Debunking bankruptcy myths

Bankruptcy myths are fairly prevalent. There is a lot of misinformation out there. Oftentimes, people repeat myths that they have heard from someone else without checking to see if what they’re saying is factual. Once people hear these myths enough times, they start to believe them, even if it’s clear that the myths are not true.

Unfortunately, some of these myths can change the way that people approach bankruptcy and can even subconsciously limit their options. Here are a few of the most common bankruptcy myths that need to be eliminated from the water supply.

Myth: Bankruptcy stems from frivolous spending

There are some bankruptcy cases wherein frivolous and unnecessary spending leads to overwhelming debt. But bankruptcy most often happens due to factors beyond filers’ control, like high medical bills or job loss during a recession. Most people who file for bankruptcy didn’t make any financial mistakes and they aren’t irresponsible. They are just victims of their circumstances.

Myth: You’re going to lose everything

People are sometimes concerned to file for bankruptcy because they think they’re going to lose everything they own. Only a very small fraction of Chapter 7 filers have any of their assets sold to repay their creditors. Additionally, Chapter 13 filers do not risk the forced sale of non-exempt assets at all. You will likely not lose anything by filing for bankruptcy and will certainly not lose everything.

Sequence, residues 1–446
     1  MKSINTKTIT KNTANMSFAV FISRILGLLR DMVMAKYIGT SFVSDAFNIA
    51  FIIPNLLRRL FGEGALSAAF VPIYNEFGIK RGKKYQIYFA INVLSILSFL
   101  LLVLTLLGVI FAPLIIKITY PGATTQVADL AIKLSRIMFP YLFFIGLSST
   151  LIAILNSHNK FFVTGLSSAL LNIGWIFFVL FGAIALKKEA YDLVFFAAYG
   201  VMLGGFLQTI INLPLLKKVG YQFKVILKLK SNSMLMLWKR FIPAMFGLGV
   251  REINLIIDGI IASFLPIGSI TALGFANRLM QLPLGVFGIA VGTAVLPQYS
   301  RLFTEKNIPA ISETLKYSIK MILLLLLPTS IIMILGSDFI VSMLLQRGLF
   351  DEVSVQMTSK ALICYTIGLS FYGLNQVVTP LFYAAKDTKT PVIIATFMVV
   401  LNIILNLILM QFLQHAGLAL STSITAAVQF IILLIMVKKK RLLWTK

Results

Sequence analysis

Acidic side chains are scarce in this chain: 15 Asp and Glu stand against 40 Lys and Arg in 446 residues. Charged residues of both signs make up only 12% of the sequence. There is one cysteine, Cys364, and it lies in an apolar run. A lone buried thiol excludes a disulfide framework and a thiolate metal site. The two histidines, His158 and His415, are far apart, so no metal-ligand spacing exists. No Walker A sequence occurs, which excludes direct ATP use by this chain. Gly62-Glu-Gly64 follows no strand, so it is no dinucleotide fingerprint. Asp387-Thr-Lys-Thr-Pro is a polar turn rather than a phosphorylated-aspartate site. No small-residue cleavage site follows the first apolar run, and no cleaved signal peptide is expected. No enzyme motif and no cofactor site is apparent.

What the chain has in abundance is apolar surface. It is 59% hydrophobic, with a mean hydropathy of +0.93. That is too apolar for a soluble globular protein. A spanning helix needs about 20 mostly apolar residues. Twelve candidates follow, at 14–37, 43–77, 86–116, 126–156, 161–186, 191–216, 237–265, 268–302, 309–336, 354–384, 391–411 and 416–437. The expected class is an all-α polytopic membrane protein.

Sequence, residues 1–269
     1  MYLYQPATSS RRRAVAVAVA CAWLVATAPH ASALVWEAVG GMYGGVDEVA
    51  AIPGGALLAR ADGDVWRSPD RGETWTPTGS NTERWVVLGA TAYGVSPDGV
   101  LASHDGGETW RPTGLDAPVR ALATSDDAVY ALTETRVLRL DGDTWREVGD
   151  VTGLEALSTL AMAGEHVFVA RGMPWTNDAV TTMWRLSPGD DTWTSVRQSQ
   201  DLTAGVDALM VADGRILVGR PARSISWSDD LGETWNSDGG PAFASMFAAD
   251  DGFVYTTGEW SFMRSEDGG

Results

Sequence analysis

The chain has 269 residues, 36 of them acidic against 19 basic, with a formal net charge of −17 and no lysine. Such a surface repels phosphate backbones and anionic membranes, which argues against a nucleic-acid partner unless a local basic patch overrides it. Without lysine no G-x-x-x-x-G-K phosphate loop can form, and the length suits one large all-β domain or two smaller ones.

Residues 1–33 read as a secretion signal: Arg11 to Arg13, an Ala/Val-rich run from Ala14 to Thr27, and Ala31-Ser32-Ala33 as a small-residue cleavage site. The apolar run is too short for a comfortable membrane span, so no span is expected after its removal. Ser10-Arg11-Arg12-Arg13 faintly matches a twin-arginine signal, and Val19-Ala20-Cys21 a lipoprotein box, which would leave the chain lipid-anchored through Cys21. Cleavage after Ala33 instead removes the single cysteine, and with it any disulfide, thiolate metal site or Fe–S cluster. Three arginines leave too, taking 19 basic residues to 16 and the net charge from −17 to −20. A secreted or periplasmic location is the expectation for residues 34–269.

Myth: Your credit score will never recover

Finally, some people avoid bankruptcy because they think it’s going to serve as a black mark on their credit score, preventing them from getting credit cards or mortgage loans in the future. While bankruptcy does result in a temporary hit on your credit score, it certainly can recover (and even exceed its current value) over time. Additionally, missing payments on the debt that you owe will also have a negative impact on your credit score, so bankruptcy at least means that you’re moving in a positive direction and working to fix your debt.

Do you have questions about how the bankruptcy process works? Make sure you take the time to look into all of your options.

Attorney Brad Hawley

Attorney Brad HawleyAttorney Brad Hawley possesses years of practical experience focused on bankruptcy, civil and criminal defense. He has prosecuted and defended clients in state court, and is a former enlisted member of the United States Army. Brad is driven by his desire to help people that have been hurt by the legal system, and is dedicated to fixing injustices he sees around him. [ Attorney Bio ]

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